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From woodwork crafts and DIY projects, you need dependable glue. And some of the most common adhesives in the market are Gorilla wood glue and Titebond.
Do you the difference between the two? Let’s find out in the post.
Which Glue is the Best? Gorilla Wood Glue or Titebond?
When choosing the best glue, most users face a dilemma between the two adhesives. So which one is better than the other? All of the two produces impressive results in woodwork.
However, they have few but significant differences. It’s thus vital to know the outstanding features of each brand. Only then can you know where to use each type of glue.
Therefore let’s begin by analyzing each type independently.
Gorilla Wood Glue
While still in the bottle, it presents a white color. That’s because it has no added dyes. It bonds different types of wood surfaces together. That includes hardwood, softwood, and natural wood.
After applying it on the wood surfaces, it doesn’t provide instant bonding power. Instead, it requires a clamping time of 20 to 30 minutes. However, it dries fully after about 24 hours.
Its unique composition awards it FDA approval for indirect food contact. So you can use it on the kitchen furniture.
The adhesive is water-resistant and accepts paints. Furthermore, it surpasses the ANSI/HPVA Type II water resistivity. So you can use it for indoor or outdoor purposes.
When excess adhesive spills outside the bonded joint, you can easily sand them off. However, in case of accidental spillage on the hands, it isn’t easy to wash off.
What We Like About It:
- Versatile use for woodwork purposes
- Superior strength in joining cross-grain wood surfaces
- Dries up with a natural color
- Nontoxic and FDA approved for use on areas requiring indirect contact with food
- Its adhesive power is more than the ordinary glue
What We Don’t Like About It:
- Short shelf life
- Difficult to remove from the hands
Titebond Wood Glue
It’s important to note that there are differen versions of Titebond glue. For example, we have the Titebond 5063 Original Wood Glue, Titebond II Glue, and Titebond III Ultimate Wood Glue. Besides price, the three versions differ in water resistance rating.
With that said, Titebond III Ultimate Wood Glue has the highest water-resistance ability and thus fits outdoor and indoor use. On the other hand, the Titebond 5063 Original Wood Glue has the lowest water resistance and fits indoor use only.
While still in the package, the Titebond 5063 original wood glue presents a somehow yellowish color. But when it dries out on the work surfaces it turns brown. You can easily wash it off from the hands and clothes when it’s still fresh.
It’s non-toxic and hence passes the approval of the FDA for use in areas that involve indirect contact with food.
When you keep it carefully even after use, it registers long shelf life. Thus you can use it several times after opening the bottle.
What We Like About It:
- Easy to wash off the hands
- Quick bonding power and short clamping duration
- Long shelf life
- Best results along with the grain wood surface joinery
- Excellent adhesive power
What We Don’t Like About It:
- Leaves behind a brown color when dry
- Thickens in extra low temperatures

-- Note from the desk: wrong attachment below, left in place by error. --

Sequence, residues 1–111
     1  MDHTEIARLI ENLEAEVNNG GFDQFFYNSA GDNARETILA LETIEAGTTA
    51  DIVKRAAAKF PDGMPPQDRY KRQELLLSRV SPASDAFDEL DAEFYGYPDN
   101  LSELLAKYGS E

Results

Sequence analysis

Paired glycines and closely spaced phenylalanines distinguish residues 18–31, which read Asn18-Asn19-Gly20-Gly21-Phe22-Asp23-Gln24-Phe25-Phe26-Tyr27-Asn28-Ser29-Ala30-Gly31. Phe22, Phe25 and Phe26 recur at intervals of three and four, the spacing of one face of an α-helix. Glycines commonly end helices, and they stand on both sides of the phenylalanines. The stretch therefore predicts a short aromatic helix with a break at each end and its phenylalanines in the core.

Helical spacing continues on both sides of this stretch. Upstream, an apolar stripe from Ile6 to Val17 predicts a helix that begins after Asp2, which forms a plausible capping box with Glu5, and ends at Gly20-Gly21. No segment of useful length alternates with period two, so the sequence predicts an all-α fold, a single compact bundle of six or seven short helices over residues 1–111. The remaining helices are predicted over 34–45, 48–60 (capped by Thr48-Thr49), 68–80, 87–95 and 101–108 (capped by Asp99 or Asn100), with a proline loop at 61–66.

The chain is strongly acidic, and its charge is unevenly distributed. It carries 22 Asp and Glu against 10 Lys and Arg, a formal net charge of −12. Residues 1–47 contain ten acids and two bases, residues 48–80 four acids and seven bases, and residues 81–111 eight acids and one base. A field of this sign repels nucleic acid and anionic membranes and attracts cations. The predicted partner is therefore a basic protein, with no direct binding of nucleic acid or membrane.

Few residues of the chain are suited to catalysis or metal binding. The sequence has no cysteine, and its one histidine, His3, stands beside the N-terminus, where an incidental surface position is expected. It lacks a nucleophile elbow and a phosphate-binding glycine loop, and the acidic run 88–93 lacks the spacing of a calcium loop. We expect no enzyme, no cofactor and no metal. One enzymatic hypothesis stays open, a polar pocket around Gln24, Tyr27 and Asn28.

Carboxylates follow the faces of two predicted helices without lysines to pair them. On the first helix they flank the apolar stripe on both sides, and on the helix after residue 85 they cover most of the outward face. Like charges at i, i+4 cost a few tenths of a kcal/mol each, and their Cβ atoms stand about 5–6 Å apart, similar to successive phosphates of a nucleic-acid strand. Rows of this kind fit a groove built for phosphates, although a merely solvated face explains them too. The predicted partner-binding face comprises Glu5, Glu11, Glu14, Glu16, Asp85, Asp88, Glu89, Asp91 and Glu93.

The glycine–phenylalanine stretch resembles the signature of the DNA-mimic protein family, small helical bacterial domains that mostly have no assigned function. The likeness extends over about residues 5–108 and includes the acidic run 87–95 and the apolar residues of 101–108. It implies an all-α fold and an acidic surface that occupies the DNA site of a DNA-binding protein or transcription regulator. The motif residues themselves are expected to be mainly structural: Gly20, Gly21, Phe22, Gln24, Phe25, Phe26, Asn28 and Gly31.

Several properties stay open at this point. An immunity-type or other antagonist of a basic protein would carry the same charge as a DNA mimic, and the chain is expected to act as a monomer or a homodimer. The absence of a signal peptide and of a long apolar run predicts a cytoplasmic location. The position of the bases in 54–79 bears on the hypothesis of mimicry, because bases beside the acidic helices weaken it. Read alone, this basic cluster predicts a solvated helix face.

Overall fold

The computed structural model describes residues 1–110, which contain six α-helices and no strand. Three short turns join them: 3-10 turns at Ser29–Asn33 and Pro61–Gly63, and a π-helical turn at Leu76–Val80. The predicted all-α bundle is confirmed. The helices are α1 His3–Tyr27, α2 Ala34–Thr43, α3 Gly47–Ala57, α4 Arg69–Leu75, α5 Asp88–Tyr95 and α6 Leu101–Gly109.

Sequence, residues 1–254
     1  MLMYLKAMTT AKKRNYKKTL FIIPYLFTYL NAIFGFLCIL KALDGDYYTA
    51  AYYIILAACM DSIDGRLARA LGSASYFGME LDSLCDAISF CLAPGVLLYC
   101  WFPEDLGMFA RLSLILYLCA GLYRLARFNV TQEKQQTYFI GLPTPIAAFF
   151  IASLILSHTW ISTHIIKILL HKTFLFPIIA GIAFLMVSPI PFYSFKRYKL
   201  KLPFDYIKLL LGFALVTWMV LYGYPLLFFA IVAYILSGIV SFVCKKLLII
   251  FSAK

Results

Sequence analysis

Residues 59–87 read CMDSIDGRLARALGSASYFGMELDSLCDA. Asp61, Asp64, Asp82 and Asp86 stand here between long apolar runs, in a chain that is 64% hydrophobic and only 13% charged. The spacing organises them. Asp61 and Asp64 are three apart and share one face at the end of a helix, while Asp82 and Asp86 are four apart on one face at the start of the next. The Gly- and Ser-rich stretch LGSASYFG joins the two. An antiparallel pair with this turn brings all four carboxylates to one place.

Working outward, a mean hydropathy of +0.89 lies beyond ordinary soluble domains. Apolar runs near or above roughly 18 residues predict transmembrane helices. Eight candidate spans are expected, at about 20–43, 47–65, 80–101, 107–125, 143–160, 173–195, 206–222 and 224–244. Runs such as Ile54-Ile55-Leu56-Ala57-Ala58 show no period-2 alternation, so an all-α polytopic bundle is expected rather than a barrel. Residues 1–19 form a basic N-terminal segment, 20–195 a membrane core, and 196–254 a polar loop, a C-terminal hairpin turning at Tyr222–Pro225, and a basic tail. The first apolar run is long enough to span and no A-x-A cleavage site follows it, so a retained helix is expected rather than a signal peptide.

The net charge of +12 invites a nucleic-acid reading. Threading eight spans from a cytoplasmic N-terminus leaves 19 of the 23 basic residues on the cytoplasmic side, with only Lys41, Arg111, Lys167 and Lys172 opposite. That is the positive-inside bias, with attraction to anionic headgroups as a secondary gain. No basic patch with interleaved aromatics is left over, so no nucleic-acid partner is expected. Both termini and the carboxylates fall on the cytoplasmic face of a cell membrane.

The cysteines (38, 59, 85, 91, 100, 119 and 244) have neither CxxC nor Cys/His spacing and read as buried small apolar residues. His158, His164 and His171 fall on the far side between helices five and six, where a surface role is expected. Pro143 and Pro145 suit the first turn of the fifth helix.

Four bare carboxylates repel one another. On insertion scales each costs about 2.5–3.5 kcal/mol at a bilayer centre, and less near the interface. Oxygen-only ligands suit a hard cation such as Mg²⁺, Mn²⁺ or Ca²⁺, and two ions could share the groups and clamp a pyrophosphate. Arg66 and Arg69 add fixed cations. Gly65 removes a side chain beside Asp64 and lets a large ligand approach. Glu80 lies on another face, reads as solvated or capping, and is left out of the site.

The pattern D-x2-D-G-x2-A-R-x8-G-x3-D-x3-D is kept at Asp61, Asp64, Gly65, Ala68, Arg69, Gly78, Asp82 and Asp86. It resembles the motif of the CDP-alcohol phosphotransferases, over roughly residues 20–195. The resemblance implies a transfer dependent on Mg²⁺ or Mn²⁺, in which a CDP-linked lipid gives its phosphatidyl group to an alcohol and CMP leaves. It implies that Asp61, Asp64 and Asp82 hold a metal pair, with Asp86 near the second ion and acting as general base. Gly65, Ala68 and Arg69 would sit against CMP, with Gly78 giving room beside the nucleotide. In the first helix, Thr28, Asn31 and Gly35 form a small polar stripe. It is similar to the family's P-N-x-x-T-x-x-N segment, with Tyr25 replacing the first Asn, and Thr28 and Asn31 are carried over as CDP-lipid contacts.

Significant Differences Between Gorilla Wood Glue and Titebond
Of the two, the Titebond registers longer shelf life than the Gorilla wood glue. When you leave the two on the shelf, Gorilla soon begins to dry.
When you apply each of the glues on different work surfaces, Titebond produces quick adhesive power (short clamping time). However, Gorilla requires about 20 to 30 minutes to bond. But all of them takes about 24 hours to dry completely.
Between the two, Titebond offers a stronger adhesive power than Gorilla. Note that the Gorilla wood glue gives a superior adhesive strength than the standard glues.
However, when you compare it to Titebond, Gorilla registers some slight flex of the joined surfaces. However, in terms of versatility of use, Gorilla wood glue steals the show.
Gap Filling Ability
When you need to fill a large or medium gap between two wood surfaces, Titebond takes the crown. Besides efficient fill, it forms a strong bond. On the other hand, the Gorilla wood glue suits use on smaller gaps that need less adhesive power.
Titebond spreads faster on a surface and creates an even layer. Owing to its less viscosity, it penetrates and fills pores better.
However, it only registers best results when applied along the grain wood surfaces. But the gorilla wood glue that excels in cross-grain wood surfaces.
If you take a keen interest in adhesive color, the two have significant differences. Gorilla has a white color but dries up on surfaces with natural color. On the other hand, Titebond though yellowish leaves behind a brown color once dry.
Here is a quick overview of their similarities.
- Both take 24 hours to dry completely
- They also thicken fast in extremely low-temperature conditions
- The two registers poor performance under low-temperature conditions
- All the two functions best when joining wood to wood surfaces
So we hope the Gorilla wood glue vs. Titebond comparison helps you make an informed choice. Whether it’s the DIY woodwork project or an outdoor repair job, settle for the adhesive that best fits the application.
If you need an extra strong wood glue that’s also very durable, Titebond makes a viable option. On the other hand Gorilla wood glue offers the versatility to blend with different types of wood. Besides it dries with a natural color. Therefore based on your need, make up your mind.